On August 4th Canada celebrates FOOD DAY.  You may be wondering what this is?  Good question.  Some years ago I met a very dynamic and passionate foodie called ANITA STEWART . Anita is a Canada's premier food ambassador (and 2012 Order of Canada recipient).  I met Anita at a Cuisine Canada conference in Guelph and she is truly an inspiration.

Anita is always trying to conjur up ideas on how to promote Canadian Cuisine and even started Canada's Longest BBQ in 2003

Today foodies can join in the celebration of Canadian Cuisine by posting a recipe and story to her website and sharing with like-minded Canadians and abroad.

One of the very memorable moments with Anita for me was our discussion about the extinction of food.  Who knew?  Anita spends a lot of time promoting Canadian foods that are in danger of being extinct.  Among these is apples; a Canadian staple.  Anita told us about her work with Jeff Crump and creating recipes using apple varieties that were in danger.  Creemore Heritage Apple Society is one of the sites that I discovered checking out the concept of extint foods.

Happy Food Day, Canada!

From Canadian Living here's a winning apple pie recipe: 

Grandma's Favourite

Thanksgiving weekend last year and The Village at Blue Mountain, Ont., was filled with the fragrance of freshly baked apple pies. For the first-ever Quintessential Apple Pie contest, bakers from this apple-growing region that rings Georgian Bay carried their pies – double crust, single crust, lattice top, streusel, Cheddar crust, even a chocolate apple combo – to the judging tables. Collingwood baking enthusiast Brenda Hall took first prize with a classic double-crust pie – a family recipe that's not too sweet but full and juicy with freshly harvested local McIntosh apples.


  • 1 Double-Crust Sour Cream Pastry recipe 1 1Double-Crust Sour Cream Pastry recipe
  • 1 egg yolk 1 1egg yolkegg yolks
  • 2 tbsp coarse sugar 2 2tbsp tbsp(30 mL) (30 mL) coarse sugar
  • Filling:
  • 8 apples , (such as McIntosh or Northern Spy)about 3 lb (1.5 kg)8 8appleapples, (such as McIntosh or Northern Spy)about 3 lb (1.5 kg)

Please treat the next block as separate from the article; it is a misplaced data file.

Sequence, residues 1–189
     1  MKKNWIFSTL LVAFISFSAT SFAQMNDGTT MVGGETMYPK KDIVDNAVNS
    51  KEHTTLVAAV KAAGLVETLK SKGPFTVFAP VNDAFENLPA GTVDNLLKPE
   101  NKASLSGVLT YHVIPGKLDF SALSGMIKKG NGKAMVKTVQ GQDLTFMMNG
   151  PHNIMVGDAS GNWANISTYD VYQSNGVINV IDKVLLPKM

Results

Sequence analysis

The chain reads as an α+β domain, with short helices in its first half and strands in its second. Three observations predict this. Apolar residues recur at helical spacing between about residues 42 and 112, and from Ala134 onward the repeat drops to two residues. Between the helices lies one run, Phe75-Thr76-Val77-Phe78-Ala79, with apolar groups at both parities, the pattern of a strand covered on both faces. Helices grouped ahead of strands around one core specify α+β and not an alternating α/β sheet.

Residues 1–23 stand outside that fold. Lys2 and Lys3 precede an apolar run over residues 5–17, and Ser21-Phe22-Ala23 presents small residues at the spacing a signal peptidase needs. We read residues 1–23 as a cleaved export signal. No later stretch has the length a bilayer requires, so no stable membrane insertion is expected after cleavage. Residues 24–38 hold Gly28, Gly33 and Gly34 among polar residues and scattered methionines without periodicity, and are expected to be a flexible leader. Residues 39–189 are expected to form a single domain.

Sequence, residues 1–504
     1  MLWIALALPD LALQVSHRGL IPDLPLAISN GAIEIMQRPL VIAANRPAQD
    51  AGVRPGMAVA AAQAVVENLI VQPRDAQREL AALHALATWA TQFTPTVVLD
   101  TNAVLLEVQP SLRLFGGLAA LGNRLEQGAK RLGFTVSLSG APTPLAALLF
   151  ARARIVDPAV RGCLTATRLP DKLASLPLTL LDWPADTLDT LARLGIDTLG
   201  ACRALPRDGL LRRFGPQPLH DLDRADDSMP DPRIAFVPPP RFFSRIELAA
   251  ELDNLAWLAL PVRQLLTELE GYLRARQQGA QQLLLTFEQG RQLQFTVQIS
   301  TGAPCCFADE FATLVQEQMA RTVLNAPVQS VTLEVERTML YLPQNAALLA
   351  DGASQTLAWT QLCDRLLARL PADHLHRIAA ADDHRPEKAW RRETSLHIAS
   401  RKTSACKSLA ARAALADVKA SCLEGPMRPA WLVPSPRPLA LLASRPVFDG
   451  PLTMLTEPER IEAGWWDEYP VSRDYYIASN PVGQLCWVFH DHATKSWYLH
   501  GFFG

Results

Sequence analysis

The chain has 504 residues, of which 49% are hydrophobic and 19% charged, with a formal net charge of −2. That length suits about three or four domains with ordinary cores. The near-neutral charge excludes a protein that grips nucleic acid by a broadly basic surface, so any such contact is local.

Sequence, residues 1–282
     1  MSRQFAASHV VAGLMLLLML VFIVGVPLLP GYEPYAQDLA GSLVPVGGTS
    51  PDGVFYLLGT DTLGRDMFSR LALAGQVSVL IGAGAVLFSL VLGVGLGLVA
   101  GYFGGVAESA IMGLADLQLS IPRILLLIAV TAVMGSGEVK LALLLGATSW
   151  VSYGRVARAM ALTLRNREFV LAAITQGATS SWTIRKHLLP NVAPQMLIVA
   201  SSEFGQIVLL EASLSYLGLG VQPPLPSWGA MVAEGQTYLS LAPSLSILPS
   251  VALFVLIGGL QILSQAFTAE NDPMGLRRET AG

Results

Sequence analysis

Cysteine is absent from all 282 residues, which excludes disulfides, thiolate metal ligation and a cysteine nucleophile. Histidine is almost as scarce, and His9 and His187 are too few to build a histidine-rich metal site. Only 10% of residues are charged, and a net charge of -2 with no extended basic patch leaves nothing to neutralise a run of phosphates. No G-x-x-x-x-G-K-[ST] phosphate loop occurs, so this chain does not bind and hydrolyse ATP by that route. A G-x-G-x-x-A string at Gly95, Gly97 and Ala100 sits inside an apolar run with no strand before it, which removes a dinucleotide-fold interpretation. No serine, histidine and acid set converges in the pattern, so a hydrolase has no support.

• 3/4 cup granulated sugar 3/4 3/4cup cup(175 mL) (175 mL) granulated sugar
  • 2 tbsp cornstarch 2 2tbsp tbsp(30 mL) (30 mL) cornstarch
  • 1 tsp cinnamon 1 1tsp tsp(5 mL) (5 mL) cinnamon
  • 1 pinch ground nutmeg 1 1pinch pinchground nutmeg
  • 1 pinch salt 1 1pinch pinchsalt
  • 2 tbsp butter , softened2 2tbsp tbsp(30 mL) (30 mL) butter, softened


Filling: Peel and core apples; cut into 1/4-inch (5 mm) thick slices and place in large bowl. In small bowl, toss together sugar, cornstarch, cinnamon, nutmeg and salt ; add to apples and toss to coat.

On lightly floured surface, roll out half of the pastry to generous 1/8-inch (3 mm) thickness; fit into 9-inch (23 cm) pie plate. Trim to leave 3/4-inch (2 cm) overhang; fold under and flute edge. Scrape filling into pie shell; dot with butter.

Roll out remaining pastry. Whisk egg yolk with 1 tbsp (15 mL) water; brush over pastry rim. Fit pastry over filling; trim to leave 3/4-inch (2 cm) overhang. Fold overhang under bottom pastry rim; seal and flute edge. Brush egg mixture over pastry. Cut steam vents in top; sprinkle with coarse sugar.

Bake in bottom third of 450°F (230°C) oven for 10 minutes. Reduce heat to 350°F (180°C); bake for 65 minutes or until bottom is deep golden and filling is bubbling and thickened. Let cool on rack. (Make-ahead: Set aside for up to 24 hours.)
Source : Canadian Living Magazine: October 2007